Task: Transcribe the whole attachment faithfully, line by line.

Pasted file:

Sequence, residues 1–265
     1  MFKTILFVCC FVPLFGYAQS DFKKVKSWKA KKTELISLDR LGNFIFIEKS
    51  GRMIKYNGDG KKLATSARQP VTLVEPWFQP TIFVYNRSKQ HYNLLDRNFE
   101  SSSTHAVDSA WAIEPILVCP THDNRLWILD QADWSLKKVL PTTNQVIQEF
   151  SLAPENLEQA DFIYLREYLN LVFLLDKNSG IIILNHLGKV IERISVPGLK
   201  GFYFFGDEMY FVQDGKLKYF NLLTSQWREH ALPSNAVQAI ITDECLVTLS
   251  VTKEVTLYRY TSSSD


Sequence, residues 1–265
     1  MFKTILFVCC FVPLFGYAQS DFKKVKSWKA KKTELISLDR LGNFIFIEKS
    51  GRMIKYNGDG KKLATSARQP VTLVEPWFQP TIFVYNRSKQ HYNLLDRNFE
   101  SSSTHAVDSA WAIEPILVCP THDNRLWILD QADWSLKKVL PTTNQVIQEF
   151  SLAPENLEQA DFIYLREYLN LVFLLDKNSG IIILNHLGKV IERISVPGLK
   201  GFYFFGDEMY FVQDGKLKYF NLLTSQWREH ALPSNAVQAI ITDECLVTLS
   251  VTKEVTLYRY TSSSD